But there is also skepticism about democracy here.  Even the elections chief acknowledges that democracy has an image problem, perhaps because elections in neighboring democracies are a rough-and-tumble exercise, and many of those elected are of dubious repute.

    "They think democracy means the player from wealth and muscle power, all is sort of battle between vested interests," he added.

    Candidate Dorji also realizes his career change is fraught with challenges in a nation where most people strongly express contentment with the hereditary monarchy that has ruled for the past 100 years.

    "Through the media and all, we always hear about politicians being greedy, politicians being bad," added candidate Dorji.  "They are quite anxious. They have enjoyed the prosperity, the happiness, under the kings. This is an irreversible process our king has initiated, we just can't go back."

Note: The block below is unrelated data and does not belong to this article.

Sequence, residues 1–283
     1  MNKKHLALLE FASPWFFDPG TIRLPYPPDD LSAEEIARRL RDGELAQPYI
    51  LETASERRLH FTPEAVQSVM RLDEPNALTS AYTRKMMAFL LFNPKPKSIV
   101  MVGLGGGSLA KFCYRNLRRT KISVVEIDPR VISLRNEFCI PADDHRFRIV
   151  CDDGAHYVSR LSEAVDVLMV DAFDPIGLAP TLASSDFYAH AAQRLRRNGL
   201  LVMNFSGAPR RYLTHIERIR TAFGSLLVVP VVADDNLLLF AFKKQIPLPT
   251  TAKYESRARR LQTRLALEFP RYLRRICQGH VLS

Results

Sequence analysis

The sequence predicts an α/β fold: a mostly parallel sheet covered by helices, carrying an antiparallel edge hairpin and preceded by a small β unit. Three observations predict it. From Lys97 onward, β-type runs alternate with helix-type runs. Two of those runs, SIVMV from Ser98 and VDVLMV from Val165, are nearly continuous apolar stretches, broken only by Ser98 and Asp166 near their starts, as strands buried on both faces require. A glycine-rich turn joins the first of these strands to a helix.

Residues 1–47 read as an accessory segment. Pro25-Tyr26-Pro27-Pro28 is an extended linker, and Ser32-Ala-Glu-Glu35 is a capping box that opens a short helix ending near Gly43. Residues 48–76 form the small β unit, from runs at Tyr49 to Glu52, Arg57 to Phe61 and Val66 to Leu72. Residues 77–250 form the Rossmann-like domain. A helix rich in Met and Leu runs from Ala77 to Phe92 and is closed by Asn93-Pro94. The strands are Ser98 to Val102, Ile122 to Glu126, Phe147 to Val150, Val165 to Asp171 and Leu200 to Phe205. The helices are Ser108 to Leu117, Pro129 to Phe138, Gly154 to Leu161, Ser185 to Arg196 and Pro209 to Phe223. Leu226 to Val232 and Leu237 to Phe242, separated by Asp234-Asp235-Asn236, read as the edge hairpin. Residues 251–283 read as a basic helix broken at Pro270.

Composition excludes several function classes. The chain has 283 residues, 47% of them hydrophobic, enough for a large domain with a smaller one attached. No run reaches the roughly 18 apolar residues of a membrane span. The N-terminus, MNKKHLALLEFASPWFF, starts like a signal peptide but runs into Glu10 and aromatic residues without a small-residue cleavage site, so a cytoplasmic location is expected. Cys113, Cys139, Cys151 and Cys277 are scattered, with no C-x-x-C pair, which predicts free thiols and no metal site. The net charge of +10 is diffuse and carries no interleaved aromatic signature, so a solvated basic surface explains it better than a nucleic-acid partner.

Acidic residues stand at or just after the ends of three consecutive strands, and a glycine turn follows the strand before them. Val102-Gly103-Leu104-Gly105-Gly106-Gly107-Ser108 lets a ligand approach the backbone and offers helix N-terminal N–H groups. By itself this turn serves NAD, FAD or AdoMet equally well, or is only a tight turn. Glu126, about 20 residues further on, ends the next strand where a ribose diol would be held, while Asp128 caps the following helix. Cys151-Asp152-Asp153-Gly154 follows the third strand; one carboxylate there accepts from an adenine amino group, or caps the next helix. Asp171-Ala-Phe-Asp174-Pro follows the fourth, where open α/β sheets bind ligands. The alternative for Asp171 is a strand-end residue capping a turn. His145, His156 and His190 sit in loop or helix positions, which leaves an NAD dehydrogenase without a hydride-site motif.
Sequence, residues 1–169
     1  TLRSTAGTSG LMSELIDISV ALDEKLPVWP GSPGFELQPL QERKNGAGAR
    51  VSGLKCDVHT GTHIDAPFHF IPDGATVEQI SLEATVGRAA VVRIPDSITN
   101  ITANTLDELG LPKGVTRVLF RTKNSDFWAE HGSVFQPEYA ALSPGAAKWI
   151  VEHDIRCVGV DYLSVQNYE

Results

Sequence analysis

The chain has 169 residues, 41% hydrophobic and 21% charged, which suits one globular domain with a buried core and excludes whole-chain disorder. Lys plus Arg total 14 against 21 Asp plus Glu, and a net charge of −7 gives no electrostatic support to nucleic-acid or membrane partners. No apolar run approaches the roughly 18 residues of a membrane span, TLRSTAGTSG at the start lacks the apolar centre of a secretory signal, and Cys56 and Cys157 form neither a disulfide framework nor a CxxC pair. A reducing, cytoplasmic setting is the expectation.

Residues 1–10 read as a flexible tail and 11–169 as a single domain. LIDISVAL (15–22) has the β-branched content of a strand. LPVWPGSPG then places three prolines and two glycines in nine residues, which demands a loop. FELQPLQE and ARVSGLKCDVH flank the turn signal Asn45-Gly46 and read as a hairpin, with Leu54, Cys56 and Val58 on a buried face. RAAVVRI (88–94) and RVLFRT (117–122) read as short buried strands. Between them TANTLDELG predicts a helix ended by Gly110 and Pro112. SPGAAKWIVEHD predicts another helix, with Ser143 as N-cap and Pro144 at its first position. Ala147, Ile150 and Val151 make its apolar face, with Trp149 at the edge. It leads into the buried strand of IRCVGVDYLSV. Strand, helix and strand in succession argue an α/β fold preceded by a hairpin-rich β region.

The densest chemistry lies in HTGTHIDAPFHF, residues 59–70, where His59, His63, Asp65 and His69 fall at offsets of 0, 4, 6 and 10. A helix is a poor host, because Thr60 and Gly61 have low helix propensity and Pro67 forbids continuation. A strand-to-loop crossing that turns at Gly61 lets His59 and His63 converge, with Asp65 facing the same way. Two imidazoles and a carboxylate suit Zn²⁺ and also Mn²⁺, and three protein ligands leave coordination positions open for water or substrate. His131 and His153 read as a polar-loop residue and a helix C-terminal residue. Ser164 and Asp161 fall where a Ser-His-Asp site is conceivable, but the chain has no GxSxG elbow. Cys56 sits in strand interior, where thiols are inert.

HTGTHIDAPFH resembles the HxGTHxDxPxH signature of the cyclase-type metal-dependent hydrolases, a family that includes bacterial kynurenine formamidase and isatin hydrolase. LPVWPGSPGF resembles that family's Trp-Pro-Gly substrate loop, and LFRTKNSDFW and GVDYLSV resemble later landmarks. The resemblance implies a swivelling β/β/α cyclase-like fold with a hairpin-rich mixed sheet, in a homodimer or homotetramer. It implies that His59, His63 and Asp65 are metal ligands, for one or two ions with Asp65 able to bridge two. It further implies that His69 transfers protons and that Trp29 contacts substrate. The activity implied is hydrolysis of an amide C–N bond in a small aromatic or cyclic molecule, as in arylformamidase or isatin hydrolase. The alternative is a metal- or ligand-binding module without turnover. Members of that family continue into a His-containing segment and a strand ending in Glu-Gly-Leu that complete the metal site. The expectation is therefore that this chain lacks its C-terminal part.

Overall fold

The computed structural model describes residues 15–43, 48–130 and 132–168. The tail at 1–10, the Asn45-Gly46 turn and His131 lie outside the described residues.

One of the first duties of the novice legislators will be formally approving the draft constitution, another departure for the kingdom. The document calls for kings to retire as head of state at age 65, recognizes Buddhism as the "spiritual heritage" of Bhutan, and ensures that a minimum of 60 percent of the country's total land will forever remain under forest cover.

    This forum has been closed.
    Comments
         
    There are no comments in this forum. Be first and add one

    Featured Videos

    Your JavaScript is turned off or you have an old version of Adobe's Flash Player. Get the latest Flash player.
    Vietnamese-American Youth Optimistic About Obama's Visit to Vietnami
    X
    Elizabeth Lee
    May 22, 2016 6:04 AM